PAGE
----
The Complete Guide to Circuit Breakers

As much as electricity is a basic necessity in everyday life, it comes in doses that can kill. Protecting yourself and loved ones means all residential, commercial, and industrial buildings will be fitted with some sort of electrical protection device, that cut off the current when they sense an electrical fault, such as overheating or electrical surges. This keeps anyone near exposed wiring, sockets, or any part of the circuit safe. Protection devices also protect all equipment and appliances. And while there are different types used for different purposes and different settings, basic to all circuits is the humble circuit breaker. 

What is a Circuit Breaker?

circuit breakers

A circuit breaker is a protection device that interrupts (or ‘breaks’) the flow of current in an electrical circuit, thereby protecting all surrounding electrical components and wiring from damage in cases of electrical overload and short-circuiting. The most common type of breakers and ones found in very low current environments, averaging 100 amps or less, like homes and offices, are called Miniature Circuit Breakers (MCBs). These are what you’d find in switchboards and distribution boards. For high current settings (in the vicinity of 2500 amps) like industrial and manufacturing facilities, look for Molded Case Circuit Breakers or MCCBS. The two types of breakers serve a similar purpose but are used in different areas.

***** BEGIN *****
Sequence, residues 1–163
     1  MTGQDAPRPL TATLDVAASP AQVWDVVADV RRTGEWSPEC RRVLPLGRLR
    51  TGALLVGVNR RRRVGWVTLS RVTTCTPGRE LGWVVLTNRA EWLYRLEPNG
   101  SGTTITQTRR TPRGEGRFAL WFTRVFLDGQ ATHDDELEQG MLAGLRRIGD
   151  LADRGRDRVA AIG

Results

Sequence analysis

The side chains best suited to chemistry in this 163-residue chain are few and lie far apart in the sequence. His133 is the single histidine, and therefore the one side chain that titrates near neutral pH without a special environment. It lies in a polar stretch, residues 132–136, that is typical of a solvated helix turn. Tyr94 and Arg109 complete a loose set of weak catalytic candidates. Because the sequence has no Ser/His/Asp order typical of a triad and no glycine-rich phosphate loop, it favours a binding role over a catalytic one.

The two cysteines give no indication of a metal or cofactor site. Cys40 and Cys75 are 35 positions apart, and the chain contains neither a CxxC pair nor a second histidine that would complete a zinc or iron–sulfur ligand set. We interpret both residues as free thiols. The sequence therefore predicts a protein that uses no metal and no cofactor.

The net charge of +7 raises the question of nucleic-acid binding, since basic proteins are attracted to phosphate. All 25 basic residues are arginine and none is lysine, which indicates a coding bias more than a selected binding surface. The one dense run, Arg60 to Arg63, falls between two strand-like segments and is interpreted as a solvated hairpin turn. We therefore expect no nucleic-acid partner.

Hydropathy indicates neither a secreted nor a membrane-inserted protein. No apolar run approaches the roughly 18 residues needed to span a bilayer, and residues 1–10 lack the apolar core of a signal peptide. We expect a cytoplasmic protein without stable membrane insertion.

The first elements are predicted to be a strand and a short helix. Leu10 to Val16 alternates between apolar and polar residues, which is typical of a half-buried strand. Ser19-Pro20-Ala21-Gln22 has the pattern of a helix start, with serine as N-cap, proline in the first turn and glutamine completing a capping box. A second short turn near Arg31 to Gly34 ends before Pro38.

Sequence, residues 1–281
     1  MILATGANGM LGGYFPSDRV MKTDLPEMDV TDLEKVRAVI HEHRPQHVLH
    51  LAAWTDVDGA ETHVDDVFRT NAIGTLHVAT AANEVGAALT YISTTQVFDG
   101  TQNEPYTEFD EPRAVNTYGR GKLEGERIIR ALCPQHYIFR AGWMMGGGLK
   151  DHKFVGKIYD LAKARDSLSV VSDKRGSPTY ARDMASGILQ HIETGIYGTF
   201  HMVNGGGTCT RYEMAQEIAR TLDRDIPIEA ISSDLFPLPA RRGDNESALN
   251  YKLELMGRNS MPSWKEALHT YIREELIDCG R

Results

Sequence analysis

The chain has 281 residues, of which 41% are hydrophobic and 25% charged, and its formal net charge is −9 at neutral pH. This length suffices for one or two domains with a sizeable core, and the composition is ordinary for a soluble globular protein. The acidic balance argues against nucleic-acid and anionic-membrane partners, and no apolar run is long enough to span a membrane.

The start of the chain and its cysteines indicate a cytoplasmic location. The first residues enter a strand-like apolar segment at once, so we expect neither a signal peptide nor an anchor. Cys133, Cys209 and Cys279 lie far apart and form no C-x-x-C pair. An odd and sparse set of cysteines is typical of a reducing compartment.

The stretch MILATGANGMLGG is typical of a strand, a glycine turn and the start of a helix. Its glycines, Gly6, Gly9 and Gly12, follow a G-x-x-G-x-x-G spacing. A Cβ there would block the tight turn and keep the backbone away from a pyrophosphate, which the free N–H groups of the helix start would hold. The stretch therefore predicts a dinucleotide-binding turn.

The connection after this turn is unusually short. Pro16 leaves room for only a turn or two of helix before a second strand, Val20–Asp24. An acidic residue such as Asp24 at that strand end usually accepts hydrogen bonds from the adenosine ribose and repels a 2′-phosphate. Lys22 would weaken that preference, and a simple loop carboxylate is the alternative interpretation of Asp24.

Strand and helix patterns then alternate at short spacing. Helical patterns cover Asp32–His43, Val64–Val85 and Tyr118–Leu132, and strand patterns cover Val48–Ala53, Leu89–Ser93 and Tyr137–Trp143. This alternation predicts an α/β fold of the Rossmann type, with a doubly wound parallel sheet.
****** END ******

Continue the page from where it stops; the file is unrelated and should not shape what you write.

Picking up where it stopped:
Parts of a Circuit Breaker 

A circuit breaker is rated for the current it can safely carry and the current it can safely interrupt. To understand how this works, let’s first break down the parts that make up a circuit breaker. 

Housing – the housing or frames in breakers are made of thermoset plastics in low-current applications, while those used in medium and high loads have metal frames.  Both materials are tasked to protect the components inside.
Terminals – these connect the circuit breaker to the circuit it has to protect. They consist of pieces of conductive metals.  

Switch – allows for the opening and closing of the circuit. The switch can be in three possible positions: ‘on’, ‘off’, or ‘tripped’. The tripped position results when the current exceeds that for which the circuit breaker is rated. The switch can also be set to the off position, for instance during maintenance.

Contacts – these are two metallic pieces that move to close or open (or ‘break’) the circuit, such as when there is a current overload. One contact is connected to the actuator mechanism and the other to the main panel or switchboard. 

Actuator mechanism –  is the component consisting of a metal arm with one end connected to the circuit breaker switch and the other to a contact. Flipping the switch upwards in the ‘on’ position forces the contacts together. Flipping it down in the ‘off’ position causes the actuator mechanism to pull the contacts apart.